KUALA LUMPUR: Malaysians have, literally, reclaimed Petaling Street.
Once an iconic shopping street where tourists could get everything from knick-knacks to cheap tee-shirts with “I love Kuala Lumpur” emblazoned on the front, it was also notorious for the large number of businesses run by migrants.
After months of lockdown necessitated by the Covid-19 pandemic, the street reopened this week with a new, but untried, concept.
It has been converted into a night market, with small businesses run entirely by young Malaysians.
“There are zero foreign workers here now,” Kuala Lumpur Hawkers and Petty Traders Association chairman Datuk Ang Say Tee boldly claimed.
“Every stall is owned and run by Malaysians,” he told theSun yesterday.
New choices apparently preferred by the younger crowd, such as bubble tea, Taiwanese mee sua (vermicelli) and Thai street food, have replaced stalls selling mostly local fare such as Hokkien mee and lo hon guo tea.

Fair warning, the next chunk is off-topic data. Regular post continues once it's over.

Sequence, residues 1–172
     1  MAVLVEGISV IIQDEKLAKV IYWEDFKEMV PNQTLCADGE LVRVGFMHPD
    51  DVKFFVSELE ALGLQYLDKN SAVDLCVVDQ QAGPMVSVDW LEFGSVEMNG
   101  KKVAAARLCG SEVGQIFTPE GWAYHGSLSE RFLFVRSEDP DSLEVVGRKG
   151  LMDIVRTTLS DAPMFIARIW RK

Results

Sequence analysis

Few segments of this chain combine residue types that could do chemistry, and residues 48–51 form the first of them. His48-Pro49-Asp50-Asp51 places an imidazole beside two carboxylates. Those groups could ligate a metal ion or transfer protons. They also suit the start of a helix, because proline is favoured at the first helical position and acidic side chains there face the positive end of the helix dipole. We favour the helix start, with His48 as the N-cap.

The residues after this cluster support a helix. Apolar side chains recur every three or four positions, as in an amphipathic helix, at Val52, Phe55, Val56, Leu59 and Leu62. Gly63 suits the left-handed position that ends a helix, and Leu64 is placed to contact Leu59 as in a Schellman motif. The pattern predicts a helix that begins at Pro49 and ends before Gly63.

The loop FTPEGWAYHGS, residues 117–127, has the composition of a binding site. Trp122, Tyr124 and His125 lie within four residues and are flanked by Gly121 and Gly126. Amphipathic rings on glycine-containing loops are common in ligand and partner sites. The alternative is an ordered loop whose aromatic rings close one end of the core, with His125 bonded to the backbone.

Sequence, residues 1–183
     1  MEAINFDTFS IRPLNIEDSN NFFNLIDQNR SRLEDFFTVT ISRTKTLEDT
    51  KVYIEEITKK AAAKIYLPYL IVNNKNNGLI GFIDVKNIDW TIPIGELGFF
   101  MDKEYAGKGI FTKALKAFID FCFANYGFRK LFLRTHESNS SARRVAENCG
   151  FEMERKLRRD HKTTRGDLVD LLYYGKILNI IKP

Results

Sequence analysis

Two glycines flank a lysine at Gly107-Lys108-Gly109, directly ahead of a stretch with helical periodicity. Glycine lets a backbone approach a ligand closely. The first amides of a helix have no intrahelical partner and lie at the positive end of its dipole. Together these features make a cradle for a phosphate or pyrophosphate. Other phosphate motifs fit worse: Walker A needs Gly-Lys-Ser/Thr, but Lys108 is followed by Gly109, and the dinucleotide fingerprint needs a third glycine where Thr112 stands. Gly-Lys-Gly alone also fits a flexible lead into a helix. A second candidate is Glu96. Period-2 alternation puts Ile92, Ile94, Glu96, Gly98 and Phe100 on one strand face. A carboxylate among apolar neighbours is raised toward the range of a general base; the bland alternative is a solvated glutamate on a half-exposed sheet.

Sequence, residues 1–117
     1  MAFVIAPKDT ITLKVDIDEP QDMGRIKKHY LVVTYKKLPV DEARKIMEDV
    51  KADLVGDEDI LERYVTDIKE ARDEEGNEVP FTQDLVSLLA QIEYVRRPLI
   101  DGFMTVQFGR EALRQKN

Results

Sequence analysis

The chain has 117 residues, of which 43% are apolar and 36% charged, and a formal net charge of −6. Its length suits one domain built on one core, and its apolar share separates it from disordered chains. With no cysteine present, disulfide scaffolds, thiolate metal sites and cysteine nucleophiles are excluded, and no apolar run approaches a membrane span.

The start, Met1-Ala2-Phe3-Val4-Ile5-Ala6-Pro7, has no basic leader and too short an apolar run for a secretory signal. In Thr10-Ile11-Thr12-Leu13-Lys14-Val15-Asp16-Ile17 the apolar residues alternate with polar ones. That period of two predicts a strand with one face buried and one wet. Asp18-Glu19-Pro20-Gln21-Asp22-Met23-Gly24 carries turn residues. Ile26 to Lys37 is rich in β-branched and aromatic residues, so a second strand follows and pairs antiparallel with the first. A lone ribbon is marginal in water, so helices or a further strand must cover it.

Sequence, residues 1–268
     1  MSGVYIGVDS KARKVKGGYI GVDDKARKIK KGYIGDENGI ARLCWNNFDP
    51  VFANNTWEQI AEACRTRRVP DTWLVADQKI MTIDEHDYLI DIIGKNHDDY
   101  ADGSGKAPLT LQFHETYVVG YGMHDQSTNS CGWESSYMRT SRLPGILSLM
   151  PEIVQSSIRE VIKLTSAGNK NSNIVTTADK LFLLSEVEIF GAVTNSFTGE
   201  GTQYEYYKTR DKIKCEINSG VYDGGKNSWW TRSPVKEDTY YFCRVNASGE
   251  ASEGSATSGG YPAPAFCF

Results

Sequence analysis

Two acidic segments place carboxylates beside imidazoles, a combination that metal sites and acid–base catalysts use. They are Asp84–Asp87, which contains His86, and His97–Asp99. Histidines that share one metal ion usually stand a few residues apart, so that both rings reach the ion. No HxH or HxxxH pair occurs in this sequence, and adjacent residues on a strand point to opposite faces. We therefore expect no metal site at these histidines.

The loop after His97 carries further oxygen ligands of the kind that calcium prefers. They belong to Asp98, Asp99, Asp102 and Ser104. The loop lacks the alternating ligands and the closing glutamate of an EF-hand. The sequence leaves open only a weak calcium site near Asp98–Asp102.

What used to make Petaling Street iconic is now out of date, according to Ang. “We now have younger people taking over so they can continue to attract the crowd and domestic tourists,” he said.
The makeover of Petaling Street, located in the centre of the city’s Chinatown, did not happen overnight.
Ang said the plan to “modernise” the shopping street was mooted nearly two years ago, but the Covid-19 pandemic just speeded things up.
“With the movement control order, there are no more foreign tourists,” he pointed out.
Rather than returning with the tried and tested, the association studied the night market concepts prevalent in Taiwan and Thailand with the sole purpose of enabling young Malaysians to start their own small businesses.
The response has been more than encouraging, according to Ang.
“Since we opened on Monday, there has been a relatively good crowd on the street, buying food and drinks,” he said.
He said many visitors have also helped to promote the new night market by posting pictures on social media such as Facebook and Instagram.
To ensure social distancing, the number of stalls have been halved from the original 700. Petty traders and hawkers are allowed to share their space as long as they abide by social distancing rules.
“There are many stalls still available. The migrants have literally deserted their stalls for fear of being caught by the authorities,” Ang said.
The market opens from 3pm to 10pm daily, and it is cleaned and sanitised regularly.